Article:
Don’t forget about Maine. That’s something we’ll always remind ourselves from this point forward. Acadia National Park had everything we could have asked for in a trip to a new national park. You name it, Acadia’s got it. Below you’ll find some highly recommended spots we suggest you check out!
The Ship Harbor Trail is a super-fun figure-eight loop along Mount Desert Island’s southwest coast in Acadia National Park. It’s not as popular as many of the hikes along the park’s Loop Road, but it offers views that are just as cool. The hike tis only 1.8 miles, but those who enjoy bird watching or tide pool exploring will be able to spend hours here.
Recommended backpack: Redwing 40
Not feeling a hike? Not a problem. Head over to the Sieur de Monts Nature Center, home to the Abbe Museum, the Wild Gardens of Acadia, and the Sieur de Monts Spring, all of which are free to access with a national parks pass. TThe Sieur De Monts Spring is just behind the nature center, a key historical factor in the foundation of the park. The Wild Gardens sit to the right of the building, harboring over 300 native plant species, each labeled. The Abbe Museum is dedicated to displaying the Native American culture that flourished on Mount Desert Island before the park’s existence.
Keep the Redwing 40 close by in case you tend to wander like we do.
The Beech Cliff Trail is a spectacular getaway for the adventurous on the relatively quiet west side of Mount Desert Island in Acadia National Park. Several ladders and the winding cliffside trail lead to some prime overlooks of Echo Lake as well as the bays and open ocean to the south of the island. The trail easily links to the Beech Mountain network with access to the Beech Mountain Firetower, but most people complete a short loop by turning left at the top to follow the Canada Cliffs Trail.
Be sure to bring: Redwing 44
Gorham Mountain is a solid hike with even better views of the bays surrounding Mount Desert Island in Acadia National Park. Most people choose to link the Gorham Mountain Trail with the Ocean Path, making a 3.2-mile loop that starts and ends between Thunder Hole and Otter Cliff. It’s also possible to link with the Beehive Loop, adding about 2.5 miles to the trip. Others will just make it an out and back. With a moderate climb up to 525 feet, the trail offers some great views without the stress of the iron rung trails like the Beehive.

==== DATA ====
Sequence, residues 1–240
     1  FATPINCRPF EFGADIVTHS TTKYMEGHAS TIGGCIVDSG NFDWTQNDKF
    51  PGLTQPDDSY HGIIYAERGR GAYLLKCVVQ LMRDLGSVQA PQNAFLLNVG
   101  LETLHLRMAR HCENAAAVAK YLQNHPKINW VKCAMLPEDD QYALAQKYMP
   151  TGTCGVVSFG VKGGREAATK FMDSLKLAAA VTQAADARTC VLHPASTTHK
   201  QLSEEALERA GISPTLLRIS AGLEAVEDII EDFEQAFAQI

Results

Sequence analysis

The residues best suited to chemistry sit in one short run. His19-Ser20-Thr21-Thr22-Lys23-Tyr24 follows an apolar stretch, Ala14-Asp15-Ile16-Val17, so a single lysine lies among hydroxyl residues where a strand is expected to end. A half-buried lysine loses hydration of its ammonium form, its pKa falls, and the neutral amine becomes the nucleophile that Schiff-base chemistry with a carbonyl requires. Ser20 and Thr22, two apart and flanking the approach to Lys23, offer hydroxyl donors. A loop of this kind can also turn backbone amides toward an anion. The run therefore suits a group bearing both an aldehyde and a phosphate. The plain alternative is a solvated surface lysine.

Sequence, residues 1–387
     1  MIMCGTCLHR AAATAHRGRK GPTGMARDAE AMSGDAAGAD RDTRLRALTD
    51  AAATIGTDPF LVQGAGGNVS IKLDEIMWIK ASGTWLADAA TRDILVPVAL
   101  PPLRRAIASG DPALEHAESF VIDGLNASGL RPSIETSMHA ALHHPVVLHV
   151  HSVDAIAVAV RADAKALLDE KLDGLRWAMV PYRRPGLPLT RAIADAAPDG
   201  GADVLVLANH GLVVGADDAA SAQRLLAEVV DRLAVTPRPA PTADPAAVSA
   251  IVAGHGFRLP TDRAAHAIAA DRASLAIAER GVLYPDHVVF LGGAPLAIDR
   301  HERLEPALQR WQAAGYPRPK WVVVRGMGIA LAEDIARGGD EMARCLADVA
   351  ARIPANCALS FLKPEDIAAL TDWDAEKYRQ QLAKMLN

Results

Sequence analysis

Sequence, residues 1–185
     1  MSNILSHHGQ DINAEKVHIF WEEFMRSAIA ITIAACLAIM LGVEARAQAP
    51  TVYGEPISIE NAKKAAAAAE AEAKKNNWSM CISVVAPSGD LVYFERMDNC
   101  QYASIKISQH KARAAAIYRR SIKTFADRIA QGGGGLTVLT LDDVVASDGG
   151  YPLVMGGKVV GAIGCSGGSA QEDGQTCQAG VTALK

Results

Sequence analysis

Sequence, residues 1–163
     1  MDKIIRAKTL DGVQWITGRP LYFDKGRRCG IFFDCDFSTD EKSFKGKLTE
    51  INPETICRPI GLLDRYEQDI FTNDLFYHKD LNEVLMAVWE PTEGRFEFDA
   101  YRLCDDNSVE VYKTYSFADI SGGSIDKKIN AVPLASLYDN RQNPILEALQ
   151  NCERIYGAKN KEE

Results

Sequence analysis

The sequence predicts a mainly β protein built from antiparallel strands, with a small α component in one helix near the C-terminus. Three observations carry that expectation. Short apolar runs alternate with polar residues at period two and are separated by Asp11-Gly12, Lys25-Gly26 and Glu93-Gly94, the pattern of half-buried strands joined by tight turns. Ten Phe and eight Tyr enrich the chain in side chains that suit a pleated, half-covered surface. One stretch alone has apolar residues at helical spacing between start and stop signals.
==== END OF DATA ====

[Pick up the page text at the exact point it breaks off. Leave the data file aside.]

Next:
Don’t leave home withou: Redwing 32
Thunder Hole is an Acadia National Park classic. The narrow crevice on the coast catches incoming waves and sends them rocketing as high as 40 feet into the air. Best of all, visitors can follow a well-maintained path right down to the ocean’s edge in a fenced off platform. Thunder Hole gets its name from the ominous booming that sounds with incoming waves. A small cavern just below the surface catches pockets of air as incoming waves suck water out to see. When they crash against the shore, the air bubble in the cavern explodes and echoes, creating a sound like thunder. It takes specific conditions to make the usual gurgling sound into the iconic peal of thunder; swells between three to six feet two hours before high tide are most likely to demonstrate the true power of Thunder Hole.
Don’t forget: Sira 45
We hope you have as good of a time in Acadia National Park as we did!